The LV wall motion abnormality is detected on echocardiography or MRI angiography. Congestive cardiac failure and ventricular arrhythmia may occur, needing appropriate treatment and supportive measures with beta-blockers, ACE inhibitors and diuretics. Coronary stenting and anti-platelet agents are not indicated.5 Spontaneous recovery occurs in two to four weeks in primary TTC, whereas in secondary TTC triggered by acute neurological injury, the recovery may be linked to the precipitating comorbid disorder.


Pathogenesis and prognosis

Intense neuro-sympathetic stimulation, with catecholamine overload in the myocardium, is the generally accepted pathogenic process, causing a specific tissue phenomenon of myocardial “contraction band necrosis’’. This is characterised by hypercontraction of sarcomeric myofibrils, eosinophilic transverse bands and interstitial mononuclear infiltration. MIBG (Meta-iodobenzylguanidine) scintigraphy scans have been used to assess the sympathetic viability and function. MIBG bears a structural resemblance to norepinephrine and the uptake of MIBG in various tissues parallels that of norepinephrine. Current studies support the hypothesis that in stress-related cardiomyopathy, an initial surge in catecholamine leads to micro-vascular dysfunction and myocardial tissue injury followed by myocardial sympathetic denervation.4

Full recovery is the rule for primary Takotsubo syndrome when there are no other comorbid conditions. However, rare complications have been documented such as ventricular rupture, mural thrombosis, ventricular septal defect, ventricular tachycardia and congestive cardiac failure.6,7



Takotsubo cardiomyopathy has now gained world-wide acceptance as a distinctive clinical and pathological condition. The prognosis is good with recovery in two to four weeks. The mortality rate is approximately 4% and recurrence rate is at around 2%. These figures vary in different studies, depending on the comorbidities and the precipitating factors.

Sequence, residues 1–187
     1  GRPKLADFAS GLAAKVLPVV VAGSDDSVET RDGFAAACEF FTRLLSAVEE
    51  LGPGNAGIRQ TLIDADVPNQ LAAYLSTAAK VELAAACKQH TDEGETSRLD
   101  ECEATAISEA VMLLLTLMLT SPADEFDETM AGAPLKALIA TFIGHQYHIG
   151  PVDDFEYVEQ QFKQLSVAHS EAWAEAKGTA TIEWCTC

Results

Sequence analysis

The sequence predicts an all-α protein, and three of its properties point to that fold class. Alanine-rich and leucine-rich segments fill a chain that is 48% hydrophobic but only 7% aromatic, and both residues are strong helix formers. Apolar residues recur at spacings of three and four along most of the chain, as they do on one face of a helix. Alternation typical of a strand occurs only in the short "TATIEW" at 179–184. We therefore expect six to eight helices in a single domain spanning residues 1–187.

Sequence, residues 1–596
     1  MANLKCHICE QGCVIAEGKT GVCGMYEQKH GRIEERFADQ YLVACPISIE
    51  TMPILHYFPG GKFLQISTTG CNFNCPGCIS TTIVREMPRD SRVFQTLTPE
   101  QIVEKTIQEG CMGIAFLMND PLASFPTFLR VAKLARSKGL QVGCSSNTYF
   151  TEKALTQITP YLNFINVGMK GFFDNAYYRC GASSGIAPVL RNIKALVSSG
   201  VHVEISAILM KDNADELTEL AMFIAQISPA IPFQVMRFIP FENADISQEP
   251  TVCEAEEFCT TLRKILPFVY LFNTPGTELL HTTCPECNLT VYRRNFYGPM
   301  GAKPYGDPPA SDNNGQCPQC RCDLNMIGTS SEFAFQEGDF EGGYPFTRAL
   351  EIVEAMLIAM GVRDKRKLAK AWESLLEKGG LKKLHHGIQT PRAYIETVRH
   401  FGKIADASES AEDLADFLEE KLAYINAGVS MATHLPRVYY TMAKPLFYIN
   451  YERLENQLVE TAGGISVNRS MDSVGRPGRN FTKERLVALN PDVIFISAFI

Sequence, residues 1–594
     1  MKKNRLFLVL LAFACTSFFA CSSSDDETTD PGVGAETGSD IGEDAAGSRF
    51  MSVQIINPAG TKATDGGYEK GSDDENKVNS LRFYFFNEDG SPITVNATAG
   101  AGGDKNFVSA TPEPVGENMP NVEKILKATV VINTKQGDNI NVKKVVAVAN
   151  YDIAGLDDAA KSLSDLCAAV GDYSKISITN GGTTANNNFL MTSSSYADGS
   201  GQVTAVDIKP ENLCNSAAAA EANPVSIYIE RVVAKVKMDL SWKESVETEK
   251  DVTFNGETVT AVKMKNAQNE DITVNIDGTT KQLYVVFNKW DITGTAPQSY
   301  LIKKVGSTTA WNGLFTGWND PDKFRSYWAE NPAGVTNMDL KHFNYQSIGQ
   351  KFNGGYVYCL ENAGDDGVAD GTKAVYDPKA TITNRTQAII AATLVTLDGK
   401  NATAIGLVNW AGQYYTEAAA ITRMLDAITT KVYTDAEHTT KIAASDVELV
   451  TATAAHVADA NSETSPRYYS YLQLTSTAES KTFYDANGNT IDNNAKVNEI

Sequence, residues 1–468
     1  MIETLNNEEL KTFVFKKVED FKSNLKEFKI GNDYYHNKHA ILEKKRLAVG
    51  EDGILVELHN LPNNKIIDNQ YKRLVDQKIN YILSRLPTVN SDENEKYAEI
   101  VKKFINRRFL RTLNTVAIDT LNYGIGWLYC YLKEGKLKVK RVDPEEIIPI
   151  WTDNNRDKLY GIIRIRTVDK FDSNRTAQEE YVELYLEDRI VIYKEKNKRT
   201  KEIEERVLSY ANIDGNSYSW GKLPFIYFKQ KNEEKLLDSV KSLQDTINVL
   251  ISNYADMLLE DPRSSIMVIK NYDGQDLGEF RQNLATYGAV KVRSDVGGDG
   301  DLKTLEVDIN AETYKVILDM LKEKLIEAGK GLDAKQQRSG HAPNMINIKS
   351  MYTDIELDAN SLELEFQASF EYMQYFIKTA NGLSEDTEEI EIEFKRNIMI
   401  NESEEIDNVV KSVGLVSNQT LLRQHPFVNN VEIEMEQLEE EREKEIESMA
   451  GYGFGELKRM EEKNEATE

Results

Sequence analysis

The immediate and long-term prognosis, is better for primary TTC patients with unobstructed coronary arteries than for patients with coronary occlusion and myocardial infarction.




Postmenopausal females account for 90% of cases of TTC


Acute chest pain, acute ECG abnormalities and Troponin elevation suggestive of an acute coronary syndrome


BNP and NT-pro-BNP are significantly elevated


Coronary angiogram shows unobstructed coronary arteries and no evidence of plaque rupture


Ventriculogram at angiography shows a ballooning of the cardiac apex with grossly impaired LV wall motion.


Troponin although elevated, is disproportionately low as compared to the LV wall motion impairment.


LV function improves within seven to eight days and normality restored at four weeks in the majority of patients.


Dr Rajiv Ghurye, GP, Isle of Wright

Dr Dalla Price, Consultant cardiologist, Isle of Wright and Portsmouth NHS hospitals

Conflict of interest: none declared



1. Sato H, Tateishi H, et al. Myocadial stunning due to simultaneous multivessel. Coronary spasms: a review of 5 cases. Journal of Cardiology 1991; 21(2): 203–2

2. Deshmukh A, Kumar G, Pant S, et al. Prevalence of takotsubo cardiomyopathy.  In the United States. Am Heart J 2012; 164(1): 66-71

3. Omerovic E. How to think about stress-induced cardiomyopathy?Think out of the box’. Scand Cardiovasc J 2011; 45: 67–71

4. Mazzeo AT, Micalizzi L, Mascia A, et al. Brain-heart crosstalk:the many face of stress-related cardiomyopathy syndromes in anaesthesia and intensive care.British J of Anaesthesia 2014; 112(5): 803–15

5. Koulouris S, Pastromas S, Sakellariou D, et al. Takotsubo cardiomyopathy. “The broken Heart’’ Syndrome. Hellenic J Cardiol 2010; 51: 451–57

6. Lyon AR, Bossone E, Schneider B, et al. Current state of knowledge on Takotsubo syndrome:a position statement from the Taskforce on Takotsubo syndrome of the Heart Failure Association of the European Society of cardiology. Eur J Heart Fail 2016; 18(1): 8–27

7. Lyon, Rees et al. Nature Clinical Practice. Cardiovascular Medicine 2008; 5: 22–29